U.S. Committee for Refugees World Refugee Survey 2000 - Togo
|Publisher||United States Committee for Refugees and Immigrants|
|Publication Date||1 June 2000|
|Cite as||United States Committee for Refugees and Immigrants, U.S. Committee for Refugees World Refugee Survey 2000 - Togo , 1 June 2000, available at: http://www.refworld.org/docid/3ae6a8cd30.html [accessed 18 October 2017]|
Togo hosted more than 10,000 refugees at the end of 1999, the vast majority from Ghana.
Approximately 3,000 Togolese refugees remained outside the country at year's end, including about 2,000 in Benin and about 1,000 in Ghana. No Togolese refugees officially repatriated in 1999.
Refugees from Ghana
Inter-ethnic conflict in northern Ghana in 1994 forced some 15,000 Ghanaians to flee to Togo. Approximately 10,000 remained in northern Togo at the end of 1999.
Togo's reception of refugees was generally hospitable. Most refugee families were integrated into local communities. In October, the government of Ghana publicly expressed its willingness to receive back all Ghanaian refugees. Most, however, were largely self-sufficient and probably will not repatriate, according to the UN High Commissioner for Refugees (UNHCR).
Refugees from Togo
In 1993, more than 200,000 Togolese fled to neighboring countries to escape a violent crackdown against a pro-democracy movement by Togolese President Eyadéma and the country's military. Most refugees were from Togo's capital, Lomé. Half of the refugee population returned home the following year, but subsequent incidents of persecution forced some to flee again.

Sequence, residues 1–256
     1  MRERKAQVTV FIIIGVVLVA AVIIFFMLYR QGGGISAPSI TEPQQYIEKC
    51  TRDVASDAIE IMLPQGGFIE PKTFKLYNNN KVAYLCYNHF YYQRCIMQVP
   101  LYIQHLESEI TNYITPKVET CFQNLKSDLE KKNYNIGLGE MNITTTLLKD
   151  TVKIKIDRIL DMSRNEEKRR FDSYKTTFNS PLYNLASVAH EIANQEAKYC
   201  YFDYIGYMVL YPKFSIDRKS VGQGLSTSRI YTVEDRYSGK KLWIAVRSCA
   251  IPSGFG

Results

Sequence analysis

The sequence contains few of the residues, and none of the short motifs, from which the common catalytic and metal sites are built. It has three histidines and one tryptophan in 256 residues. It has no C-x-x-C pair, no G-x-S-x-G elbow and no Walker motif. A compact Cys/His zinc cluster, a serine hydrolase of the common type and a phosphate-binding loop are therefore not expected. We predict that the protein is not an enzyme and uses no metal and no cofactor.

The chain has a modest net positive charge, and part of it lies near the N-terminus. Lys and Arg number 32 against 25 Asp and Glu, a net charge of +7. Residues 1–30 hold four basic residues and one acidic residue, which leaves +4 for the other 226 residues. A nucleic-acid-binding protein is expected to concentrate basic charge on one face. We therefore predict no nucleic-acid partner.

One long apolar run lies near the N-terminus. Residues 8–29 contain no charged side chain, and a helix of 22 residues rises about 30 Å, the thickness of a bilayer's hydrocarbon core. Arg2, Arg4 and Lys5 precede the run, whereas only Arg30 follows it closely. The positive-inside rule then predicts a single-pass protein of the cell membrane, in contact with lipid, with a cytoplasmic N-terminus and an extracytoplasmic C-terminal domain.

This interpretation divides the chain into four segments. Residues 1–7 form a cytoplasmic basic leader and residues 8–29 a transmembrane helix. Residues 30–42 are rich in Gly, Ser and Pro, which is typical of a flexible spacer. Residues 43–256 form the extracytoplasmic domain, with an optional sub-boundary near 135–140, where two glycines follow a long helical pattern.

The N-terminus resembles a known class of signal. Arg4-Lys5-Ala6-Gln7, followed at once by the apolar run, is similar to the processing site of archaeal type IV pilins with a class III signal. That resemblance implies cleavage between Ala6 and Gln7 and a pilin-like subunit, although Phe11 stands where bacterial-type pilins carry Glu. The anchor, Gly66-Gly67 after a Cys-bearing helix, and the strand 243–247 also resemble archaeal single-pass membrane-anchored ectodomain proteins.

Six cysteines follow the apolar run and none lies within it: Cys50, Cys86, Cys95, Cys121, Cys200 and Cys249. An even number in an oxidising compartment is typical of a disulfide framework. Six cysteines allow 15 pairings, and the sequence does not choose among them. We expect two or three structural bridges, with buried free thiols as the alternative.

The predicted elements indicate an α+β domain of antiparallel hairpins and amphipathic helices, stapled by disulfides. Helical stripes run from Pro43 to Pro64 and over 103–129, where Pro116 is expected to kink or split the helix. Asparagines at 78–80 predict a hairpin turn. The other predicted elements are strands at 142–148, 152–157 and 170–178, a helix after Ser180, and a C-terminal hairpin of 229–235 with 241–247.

A general amnesty for Togolese refugees in 1994 and relative improvements in security in Togo led to the large-scale return of refugees. UNHCR completed an organized repatriation program in mid-1997. In 1998, about 4,000 Togolese refugees returned from Ghana although the official repatriation program had already ended. No Togolese refugees are known to have repatriated in 1999, according to UNHCR.
About 3,000 Togolese refugees remained outside the country at year's end, although some sources estimated twice that number. Many were prominent opponents of the ruling regime and were unlikely to repatriate soon.